In the lottery of life, our education, health opportunities are often the luck of the draw, where and when we are born. And so it is with marriage. How much do we or can we know of our partners before we marry? Whether it is an arranged or a love marriage, how well do we really know our chosen partners? The high incidence of divorce would seem to indicate that the answer is not at all well - irretrievable breakdowns, irreconcilable differences: pick anyone and let love grow out of a joint life, or "marry in haste repent in leisure? Or spend years trying ot find the perfect partner?

These were the thoughts going through my head as I watched part of the Hindi marriage ceremony being acted out before me on Friday evening. The bride and groom shake and flinging stone dice, presumably with some significance being accorded to their resultant distribution just like the sticks of the I Ching. This was the second wedding ceremony I have been invited to and sadly I have still to find anyone who can explain the symbolism and significance of the various stages of the proceedings. Everyone just says it is our tradition. No one sees to be able to other an explanation. I find this rather sad, this loss  of culture. I'm sure that it is not just a question of language as here many of the guests spoke good English and were very well educated. I'm also sure I'd be able to explain the marriage proceedings and traditions, like throwing the bride's bouquet, to visitors.

At least this marriage ceremony although again a rather solemn affair was brightened up by some fun. It was I suspect a love marriage, and I saw the groom smileat one point ( I couldn't actually see the bride's face below her wedding veil/shawl, and there was much cheering on from their college friends as the couple each set about trying to dislodge stones from each others hands. I suspect this ritual may be symbolic of "who will wear the trousers" in the marriage!

This marriage ceremony kept to a very strict timetable, unlike the other one I went to. I was told that not only was the date, but also the timings of the parts of the ceremony, specially chosen as being very auspicious for the couple. This amused me somewhat as on the day the heavens had open and down poured  the rains, causing huge flies to hatch all at once and in biblical proportions plague everyone present flying into your hair, down your kameez, up the legs of your shalwar, crawling over everything, diving into your drinks. The only person to remain unperturbed by it all was the bride, sitting safely under her veil.  Perhaps forecasting what will be the calm stable core of this couple's life together, no matter what the world flings at them. Good luck to them!

Monday 24 May 2010

Rat a cha cha

I'm sitting peacefully listening to John Crace's Digested Reads podcast  from the Guardian last night when a flash of activity dashes across the floor of my kitchen/sitting room. Oh my, that's a mouse, or is it a rat? Whatever, it is most definitely a rodent. It  has come from the direction  of my kitchen area - not good! Has he been hiding there all the time, how did he get in? Did he come in when the front door was open on these hot steamy evenings, or in an open window?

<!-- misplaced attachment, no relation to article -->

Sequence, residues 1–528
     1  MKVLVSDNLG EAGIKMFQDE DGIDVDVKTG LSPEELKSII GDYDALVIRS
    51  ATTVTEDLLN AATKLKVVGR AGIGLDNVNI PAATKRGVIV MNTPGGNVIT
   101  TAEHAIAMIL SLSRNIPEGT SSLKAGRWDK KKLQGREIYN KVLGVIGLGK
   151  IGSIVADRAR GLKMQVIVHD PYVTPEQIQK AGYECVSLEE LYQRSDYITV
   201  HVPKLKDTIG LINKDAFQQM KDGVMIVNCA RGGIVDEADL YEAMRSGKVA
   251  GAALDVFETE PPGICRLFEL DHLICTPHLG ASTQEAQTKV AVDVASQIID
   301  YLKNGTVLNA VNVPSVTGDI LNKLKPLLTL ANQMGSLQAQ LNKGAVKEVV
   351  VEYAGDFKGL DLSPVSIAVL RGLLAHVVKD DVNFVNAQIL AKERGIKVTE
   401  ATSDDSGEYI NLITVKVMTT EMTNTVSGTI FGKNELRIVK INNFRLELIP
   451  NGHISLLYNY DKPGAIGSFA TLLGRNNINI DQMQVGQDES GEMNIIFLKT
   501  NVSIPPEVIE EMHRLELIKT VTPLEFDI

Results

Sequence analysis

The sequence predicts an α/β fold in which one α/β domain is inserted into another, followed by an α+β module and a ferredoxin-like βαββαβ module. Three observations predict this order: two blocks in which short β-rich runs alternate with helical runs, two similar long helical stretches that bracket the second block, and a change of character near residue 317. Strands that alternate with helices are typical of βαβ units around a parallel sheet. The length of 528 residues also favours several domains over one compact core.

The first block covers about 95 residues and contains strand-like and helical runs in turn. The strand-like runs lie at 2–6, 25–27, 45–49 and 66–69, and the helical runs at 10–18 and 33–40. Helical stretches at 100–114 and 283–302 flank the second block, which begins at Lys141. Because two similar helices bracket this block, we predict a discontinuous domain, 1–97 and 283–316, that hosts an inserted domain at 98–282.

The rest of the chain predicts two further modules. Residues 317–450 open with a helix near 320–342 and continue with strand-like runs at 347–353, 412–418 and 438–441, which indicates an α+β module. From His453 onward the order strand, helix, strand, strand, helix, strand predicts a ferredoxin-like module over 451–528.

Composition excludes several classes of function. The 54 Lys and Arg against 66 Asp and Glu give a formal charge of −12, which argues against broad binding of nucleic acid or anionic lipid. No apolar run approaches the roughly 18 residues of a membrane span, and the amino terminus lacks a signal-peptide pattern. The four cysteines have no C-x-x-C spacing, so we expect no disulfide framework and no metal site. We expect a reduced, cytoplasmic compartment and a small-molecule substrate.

Clearly why ever it had come to my house for it had not expected to see me sitting there and has scurried for cover amongst my suitcases. Oh no says I, you are not getting in those. I don't know who got the biggest fright - him or me - but next thing I know we are playing tag, dancing around the kitchen: me with the plastic waste bin I use as a veg rack, and him scurrying behind my suitcase, and then  behind a block of marble left over from when the floors were laid, which stands in the corner - good place to hide he thinks.  Yes, I did say a plastic waste bin. I wasn't intending to kill him just to capture and discharge outside. Although I will admit to not having fully worked out how to ensure I wasn't bitten when I tried to get the plate under the upturned wastebin. Don't even begin to think of scenes from a Brave New World!

Anyway back to cat and mouse. At one point I can even see him looking at  me, eyeing me up, Is she going to attack, am I cornered here, how quick is she really?
 As I stalk my prey, he tries to wrong foot me, lying in a dummy  move one way then another in an attempt to outwit me and get away. I move the suitcase. One less hiding place. Exposure is the plan.

Then just as I'm getting ready to pounce with the basket, he musters his courage and darts straight past me back across the room in the direction he came, I turn round and run after him. In a flash he is gone, but I see where - Where he came from and where he went back to. I'm taken aback! He has jumped into and disappearing down the drain stump.

Now coincidently some days back, or more correctly some nights back, I wake hearing something in my bedroom. I should first explain that in India each room has a drain hole. The custom being to wash the marble floors. So the floors all have a very slight gradient to them, so that the water runs away down the aforementioned drain hole. The one in my bedroom has a metal cover with small drainage holes in it, but this cover is not fixed, it is loose. I never gave it a second thought until the night noise. I got up to investigate to find the cover was off the drain hole and lying slightly to one side. Naturally I replaced it and even went so far as to put a piece of marble over the top to keep it in place. My mind was clearly thinking potential animal entry point.  Right. The little blighters are coming up the drainage outlets.

For now I have slushed the kitchen one with buckets of water and left the tap running for some time. Hopefully this particular rodent is trying to avoid the water lying outside after the recent rains and won't feel like coming up my drain if it too has water flowing through it. However, they do swim so it is not a permenant solution. I wonder if I can find something to cover the stump pipe? Maybe better to think about boxing in the area under the sink? Perhaps a very small sized wire mesh, if it could be fixed securely all the way round.  I suspect he'd nibble through wood. Me thinks I need someone with some tools.